One of the things we African-American trans women have needed African American cis women to understand is that trans women are women. We are just as down for the cause of uplifting Black womanhood if just given the opportunity to do so. We have also needed cis Black women to understand that some of the issues we Black trans women face walking around in a Black female body are the same cultural and societal issues Black cis women face with the additional challenges of anti-trans discrimination and off the charts violence we have to deal with on top of it.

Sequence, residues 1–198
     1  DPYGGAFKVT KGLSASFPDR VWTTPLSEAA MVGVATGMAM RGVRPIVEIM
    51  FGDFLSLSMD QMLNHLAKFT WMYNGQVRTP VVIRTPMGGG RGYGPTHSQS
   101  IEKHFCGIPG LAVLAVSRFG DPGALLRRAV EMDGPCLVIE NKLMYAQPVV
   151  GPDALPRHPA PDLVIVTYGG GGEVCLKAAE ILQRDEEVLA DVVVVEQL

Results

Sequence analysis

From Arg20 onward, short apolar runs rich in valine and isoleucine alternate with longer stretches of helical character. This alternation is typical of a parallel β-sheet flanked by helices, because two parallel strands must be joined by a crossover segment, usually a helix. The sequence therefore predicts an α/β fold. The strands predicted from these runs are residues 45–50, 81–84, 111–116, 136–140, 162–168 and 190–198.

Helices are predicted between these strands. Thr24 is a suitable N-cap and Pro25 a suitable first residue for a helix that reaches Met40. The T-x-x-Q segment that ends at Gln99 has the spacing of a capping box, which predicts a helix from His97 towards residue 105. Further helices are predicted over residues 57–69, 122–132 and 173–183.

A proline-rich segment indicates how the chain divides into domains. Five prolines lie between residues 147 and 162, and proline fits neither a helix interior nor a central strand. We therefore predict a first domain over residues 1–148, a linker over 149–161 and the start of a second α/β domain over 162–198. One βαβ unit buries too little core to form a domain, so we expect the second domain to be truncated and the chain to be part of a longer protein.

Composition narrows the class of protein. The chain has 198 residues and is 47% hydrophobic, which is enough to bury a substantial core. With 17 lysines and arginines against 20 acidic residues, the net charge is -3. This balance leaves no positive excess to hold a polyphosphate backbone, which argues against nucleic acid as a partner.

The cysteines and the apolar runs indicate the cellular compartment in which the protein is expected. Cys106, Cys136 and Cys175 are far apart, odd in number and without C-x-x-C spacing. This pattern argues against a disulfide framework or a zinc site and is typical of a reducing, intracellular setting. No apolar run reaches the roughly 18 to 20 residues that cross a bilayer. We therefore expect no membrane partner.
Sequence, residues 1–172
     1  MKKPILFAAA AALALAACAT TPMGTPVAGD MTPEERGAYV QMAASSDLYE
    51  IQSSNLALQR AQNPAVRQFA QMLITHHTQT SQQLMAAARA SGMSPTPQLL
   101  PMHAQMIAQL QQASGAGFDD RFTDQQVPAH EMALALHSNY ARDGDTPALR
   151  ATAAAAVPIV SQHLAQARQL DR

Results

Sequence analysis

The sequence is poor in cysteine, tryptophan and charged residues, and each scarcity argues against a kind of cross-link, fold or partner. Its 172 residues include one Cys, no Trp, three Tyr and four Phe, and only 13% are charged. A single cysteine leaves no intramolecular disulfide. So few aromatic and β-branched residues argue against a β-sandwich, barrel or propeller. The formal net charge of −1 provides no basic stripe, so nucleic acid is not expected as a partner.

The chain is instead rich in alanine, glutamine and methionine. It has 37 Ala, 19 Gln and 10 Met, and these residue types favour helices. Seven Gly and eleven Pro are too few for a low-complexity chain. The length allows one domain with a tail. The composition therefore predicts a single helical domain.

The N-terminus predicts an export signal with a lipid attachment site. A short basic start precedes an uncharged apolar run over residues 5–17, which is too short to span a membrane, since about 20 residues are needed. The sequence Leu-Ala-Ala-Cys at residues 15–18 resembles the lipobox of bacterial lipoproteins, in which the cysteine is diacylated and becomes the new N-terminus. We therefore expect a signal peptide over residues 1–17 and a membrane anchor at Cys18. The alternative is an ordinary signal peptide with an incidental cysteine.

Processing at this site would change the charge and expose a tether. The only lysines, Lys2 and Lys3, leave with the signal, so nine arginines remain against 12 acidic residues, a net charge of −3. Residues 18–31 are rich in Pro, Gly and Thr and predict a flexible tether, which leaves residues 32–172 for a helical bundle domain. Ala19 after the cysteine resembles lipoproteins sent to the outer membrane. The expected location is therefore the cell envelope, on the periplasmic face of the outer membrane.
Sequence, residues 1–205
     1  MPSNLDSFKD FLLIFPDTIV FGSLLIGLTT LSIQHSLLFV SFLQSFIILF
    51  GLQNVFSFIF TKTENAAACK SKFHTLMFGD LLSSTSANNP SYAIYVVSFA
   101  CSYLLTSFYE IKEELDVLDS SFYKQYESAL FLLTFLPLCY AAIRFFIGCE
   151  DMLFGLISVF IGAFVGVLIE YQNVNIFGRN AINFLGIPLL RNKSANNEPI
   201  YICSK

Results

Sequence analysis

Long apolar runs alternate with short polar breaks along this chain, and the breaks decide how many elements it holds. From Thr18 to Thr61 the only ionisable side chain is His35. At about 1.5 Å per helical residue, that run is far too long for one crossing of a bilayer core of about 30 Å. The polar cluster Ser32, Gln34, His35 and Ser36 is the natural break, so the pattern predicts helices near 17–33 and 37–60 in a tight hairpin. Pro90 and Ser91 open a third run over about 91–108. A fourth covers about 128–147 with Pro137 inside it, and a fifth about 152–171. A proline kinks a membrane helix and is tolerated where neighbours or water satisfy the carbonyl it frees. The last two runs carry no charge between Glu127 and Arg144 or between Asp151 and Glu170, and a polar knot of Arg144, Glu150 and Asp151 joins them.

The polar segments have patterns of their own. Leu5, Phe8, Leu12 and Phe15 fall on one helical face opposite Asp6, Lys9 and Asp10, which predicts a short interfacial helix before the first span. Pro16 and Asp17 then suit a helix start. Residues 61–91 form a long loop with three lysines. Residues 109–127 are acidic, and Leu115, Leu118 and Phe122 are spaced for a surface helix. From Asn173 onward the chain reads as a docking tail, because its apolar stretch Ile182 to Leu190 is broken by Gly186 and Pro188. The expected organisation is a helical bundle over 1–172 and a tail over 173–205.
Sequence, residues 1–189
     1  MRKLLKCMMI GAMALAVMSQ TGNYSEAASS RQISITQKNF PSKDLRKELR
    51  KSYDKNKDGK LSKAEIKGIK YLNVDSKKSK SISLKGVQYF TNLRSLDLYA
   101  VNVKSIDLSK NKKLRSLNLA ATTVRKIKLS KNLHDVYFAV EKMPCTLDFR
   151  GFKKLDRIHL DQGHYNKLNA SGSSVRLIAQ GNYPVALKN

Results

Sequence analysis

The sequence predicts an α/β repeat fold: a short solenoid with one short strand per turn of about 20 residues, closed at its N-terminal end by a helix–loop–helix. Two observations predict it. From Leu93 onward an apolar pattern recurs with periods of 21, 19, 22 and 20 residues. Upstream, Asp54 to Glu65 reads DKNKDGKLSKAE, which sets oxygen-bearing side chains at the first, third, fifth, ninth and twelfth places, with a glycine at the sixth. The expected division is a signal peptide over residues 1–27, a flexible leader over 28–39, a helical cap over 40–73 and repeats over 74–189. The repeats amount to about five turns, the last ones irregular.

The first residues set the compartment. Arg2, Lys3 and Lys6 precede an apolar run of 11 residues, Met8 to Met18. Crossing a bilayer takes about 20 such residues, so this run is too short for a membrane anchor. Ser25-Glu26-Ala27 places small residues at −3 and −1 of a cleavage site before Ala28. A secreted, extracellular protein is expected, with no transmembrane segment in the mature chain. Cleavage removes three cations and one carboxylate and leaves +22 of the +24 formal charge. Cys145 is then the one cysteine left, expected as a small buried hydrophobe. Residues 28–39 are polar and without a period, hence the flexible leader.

So yeah, that picture of Janet and bell hooks is a Big Fracking Deal. So are the Black Trans Revolution Will Not Be Televised (or blogged about) conversations Janet had with her once the just as important one during the OSU event was completed.